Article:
Is that before or after your tax system gets a hold of you? I know in Ontario any service includes a size-able tax (GST, VAT, PST, LMNOP and whatever else they seem to come up with) to go along with it. I almost fell over a couple years back when I was charged an additional 6% recycling tax (on top of the 13% sales tax) on a DVD player I bought there for the family's cottage and that was on top of the already inflated price (at least by US price standards) of the DVD player itself. And while I'm on a rant whatever happened to the great prices for beer in Canada? Last summer I almost fell over when I went to buy a case of beer at the beer store and they wanted $42 before the 13% sales tax. Beer at the local bar had also climbed to $4.50 a pint and that was for Coors lite. Come to think of it at those rates $700 is looking pretty cheap for winterizing.
Comparing US and Canadian labor rates is going to be difficult. Regardless one sure way to get around them is to learn to do the work yourself. Winterizing isn't that difficult for most average guys/gals with moderate mechanical skills. There's also a ton of help here should you need it. I know I would be doing a lot less boating if I couldn't do this work myself. You'll also be very popular with your other boating friends that will no doubt want you to share your new found skill set with them.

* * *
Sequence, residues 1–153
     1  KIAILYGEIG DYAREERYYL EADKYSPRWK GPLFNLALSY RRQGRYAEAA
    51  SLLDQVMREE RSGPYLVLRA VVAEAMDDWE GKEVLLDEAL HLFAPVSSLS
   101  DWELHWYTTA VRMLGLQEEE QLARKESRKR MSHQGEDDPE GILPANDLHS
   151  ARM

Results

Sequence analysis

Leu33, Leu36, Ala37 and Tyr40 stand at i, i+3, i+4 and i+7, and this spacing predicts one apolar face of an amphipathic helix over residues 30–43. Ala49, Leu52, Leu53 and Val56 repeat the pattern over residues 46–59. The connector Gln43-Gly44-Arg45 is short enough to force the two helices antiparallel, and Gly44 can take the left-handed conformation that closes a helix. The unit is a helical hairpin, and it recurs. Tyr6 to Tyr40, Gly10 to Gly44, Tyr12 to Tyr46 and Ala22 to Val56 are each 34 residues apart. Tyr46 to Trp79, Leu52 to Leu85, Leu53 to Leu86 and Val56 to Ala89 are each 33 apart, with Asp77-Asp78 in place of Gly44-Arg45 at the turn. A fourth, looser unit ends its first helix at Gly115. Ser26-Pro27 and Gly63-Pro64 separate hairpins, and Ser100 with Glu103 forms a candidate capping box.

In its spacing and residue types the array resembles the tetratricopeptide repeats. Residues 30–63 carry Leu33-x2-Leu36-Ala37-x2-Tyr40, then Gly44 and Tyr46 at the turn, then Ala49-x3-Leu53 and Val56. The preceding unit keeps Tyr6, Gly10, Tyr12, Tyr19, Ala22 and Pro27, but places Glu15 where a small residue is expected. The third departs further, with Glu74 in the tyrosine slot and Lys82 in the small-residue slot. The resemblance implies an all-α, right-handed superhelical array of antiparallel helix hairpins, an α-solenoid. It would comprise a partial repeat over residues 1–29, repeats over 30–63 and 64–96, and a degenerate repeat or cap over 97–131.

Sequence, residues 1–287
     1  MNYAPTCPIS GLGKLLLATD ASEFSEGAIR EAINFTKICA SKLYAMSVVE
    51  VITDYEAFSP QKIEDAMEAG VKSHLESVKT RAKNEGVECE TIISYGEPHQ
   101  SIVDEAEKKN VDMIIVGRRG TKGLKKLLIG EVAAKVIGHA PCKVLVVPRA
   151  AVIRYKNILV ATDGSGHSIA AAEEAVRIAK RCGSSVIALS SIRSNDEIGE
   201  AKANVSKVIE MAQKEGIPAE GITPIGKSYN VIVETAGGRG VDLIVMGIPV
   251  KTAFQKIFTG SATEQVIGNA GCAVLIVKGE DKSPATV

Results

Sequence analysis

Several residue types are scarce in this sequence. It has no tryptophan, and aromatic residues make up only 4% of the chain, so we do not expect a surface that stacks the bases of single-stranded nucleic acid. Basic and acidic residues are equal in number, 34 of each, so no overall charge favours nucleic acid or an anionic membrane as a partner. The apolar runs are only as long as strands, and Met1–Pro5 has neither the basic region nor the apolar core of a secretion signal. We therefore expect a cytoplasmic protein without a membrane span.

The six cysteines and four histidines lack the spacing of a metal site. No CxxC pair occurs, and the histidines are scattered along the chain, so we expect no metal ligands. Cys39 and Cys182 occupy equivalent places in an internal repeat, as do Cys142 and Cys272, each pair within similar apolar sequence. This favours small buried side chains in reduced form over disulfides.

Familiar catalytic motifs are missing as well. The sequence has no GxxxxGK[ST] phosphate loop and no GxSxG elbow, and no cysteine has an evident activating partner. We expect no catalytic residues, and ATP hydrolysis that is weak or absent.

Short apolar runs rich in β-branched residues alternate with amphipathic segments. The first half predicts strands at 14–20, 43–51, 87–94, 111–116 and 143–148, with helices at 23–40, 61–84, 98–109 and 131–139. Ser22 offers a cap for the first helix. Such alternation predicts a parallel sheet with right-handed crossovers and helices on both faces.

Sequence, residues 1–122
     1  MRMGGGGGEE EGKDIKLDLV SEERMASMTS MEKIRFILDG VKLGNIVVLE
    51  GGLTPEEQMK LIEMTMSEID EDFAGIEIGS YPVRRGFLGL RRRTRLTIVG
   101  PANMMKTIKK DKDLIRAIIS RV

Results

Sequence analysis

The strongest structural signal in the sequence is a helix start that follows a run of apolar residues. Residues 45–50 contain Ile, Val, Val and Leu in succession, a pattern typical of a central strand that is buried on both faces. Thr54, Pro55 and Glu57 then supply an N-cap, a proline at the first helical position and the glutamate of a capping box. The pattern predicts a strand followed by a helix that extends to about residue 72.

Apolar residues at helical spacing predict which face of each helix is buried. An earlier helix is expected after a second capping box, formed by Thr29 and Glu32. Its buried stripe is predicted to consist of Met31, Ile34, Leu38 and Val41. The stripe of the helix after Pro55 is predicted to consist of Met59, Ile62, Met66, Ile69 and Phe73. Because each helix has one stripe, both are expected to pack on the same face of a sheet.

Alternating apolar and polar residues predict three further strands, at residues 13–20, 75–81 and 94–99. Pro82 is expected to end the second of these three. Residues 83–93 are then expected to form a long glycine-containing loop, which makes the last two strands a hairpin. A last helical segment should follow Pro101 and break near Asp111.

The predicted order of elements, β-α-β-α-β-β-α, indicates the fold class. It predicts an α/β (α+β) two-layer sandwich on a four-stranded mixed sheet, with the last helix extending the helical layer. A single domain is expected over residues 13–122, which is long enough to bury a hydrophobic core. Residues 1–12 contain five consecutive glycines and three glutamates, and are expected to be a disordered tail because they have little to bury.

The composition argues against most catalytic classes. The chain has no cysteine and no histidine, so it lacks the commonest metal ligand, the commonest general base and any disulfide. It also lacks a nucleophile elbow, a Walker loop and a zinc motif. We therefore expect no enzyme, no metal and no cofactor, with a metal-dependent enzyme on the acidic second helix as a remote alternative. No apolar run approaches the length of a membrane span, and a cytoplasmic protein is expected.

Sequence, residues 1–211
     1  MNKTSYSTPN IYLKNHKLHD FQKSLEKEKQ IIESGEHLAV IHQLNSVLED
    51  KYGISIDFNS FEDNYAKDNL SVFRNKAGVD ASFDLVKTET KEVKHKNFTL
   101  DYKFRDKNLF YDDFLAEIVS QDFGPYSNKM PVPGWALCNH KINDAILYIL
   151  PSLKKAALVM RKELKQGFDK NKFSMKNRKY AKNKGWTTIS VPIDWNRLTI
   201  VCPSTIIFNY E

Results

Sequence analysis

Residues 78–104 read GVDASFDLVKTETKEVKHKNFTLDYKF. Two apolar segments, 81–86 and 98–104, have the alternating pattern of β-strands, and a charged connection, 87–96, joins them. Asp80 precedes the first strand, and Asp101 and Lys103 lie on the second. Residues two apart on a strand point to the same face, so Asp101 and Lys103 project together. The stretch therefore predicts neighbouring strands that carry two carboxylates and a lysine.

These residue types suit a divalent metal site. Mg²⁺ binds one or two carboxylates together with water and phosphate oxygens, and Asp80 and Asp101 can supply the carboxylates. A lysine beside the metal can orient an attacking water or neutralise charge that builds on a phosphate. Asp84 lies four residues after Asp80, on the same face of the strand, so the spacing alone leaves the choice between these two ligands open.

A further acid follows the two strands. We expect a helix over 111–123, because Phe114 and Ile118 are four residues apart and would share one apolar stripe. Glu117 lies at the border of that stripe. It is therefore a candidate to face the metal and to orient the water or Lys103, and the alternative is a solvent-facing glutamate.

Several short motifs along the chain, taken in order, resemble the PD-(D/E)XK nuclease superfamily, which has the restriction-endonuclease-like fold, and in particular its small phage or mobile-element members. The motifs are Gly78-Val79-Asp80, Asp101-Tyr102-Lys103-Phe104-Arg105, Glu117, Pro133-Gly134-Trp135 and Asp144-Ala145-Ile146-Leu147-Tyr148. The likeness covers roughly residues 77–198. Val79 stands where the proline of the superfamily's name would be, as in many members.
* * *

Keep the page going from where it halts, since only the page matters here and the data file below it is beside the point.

I would concur with others on the gel work. Unless this is a big shop they're most likely subbing this work out and charging you to take the boat to another shop along with an uplift to make it worth their time. I know my local dealer does this. A lot of times you can call around or just ask someone at the dealer casually who they use for their repairs and they'll tell you. A good way to go about it would be to plainly ask "do you do your own gel coat work here or do you send it out?" If they say they send it out ask who they send it to.